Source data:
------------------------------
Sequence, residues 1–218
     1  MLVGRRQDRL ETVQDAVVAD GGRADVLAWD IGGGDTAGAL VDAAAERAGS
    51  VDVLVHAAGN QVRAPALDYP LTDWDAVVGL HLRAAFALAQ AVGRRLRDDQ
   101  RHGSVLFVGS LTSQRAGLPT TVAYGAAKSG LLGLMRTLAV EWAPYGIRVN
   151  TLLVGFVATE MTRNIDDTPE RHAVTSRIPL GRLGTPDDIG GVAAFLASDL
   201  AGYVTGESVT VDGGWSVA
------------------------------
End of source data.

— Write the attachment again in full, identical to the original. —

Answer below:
Sequence, residues 1–218
     1  MLVGRRQDRL ETVQDAVVAD GGRADVLAWD IGGGDTAGAL VDAAAERAGS
    51  VDVLVHAAGN QVRAPALDYP LTDWDAVVGL HLRAAFALAQ AVGRRLRDDQ
   101  RHGSVLFVGS LTSQRAGLPT TVAYGAAKSG LLGLMRTLAV EWAPYGIRVN
   151  TLLVGFVATE MTRNIDDTPE RHAVTSRIPL GRLGTPDDIG GVAAFLASDL
   201  AGYVTGESVT VDGGWSVA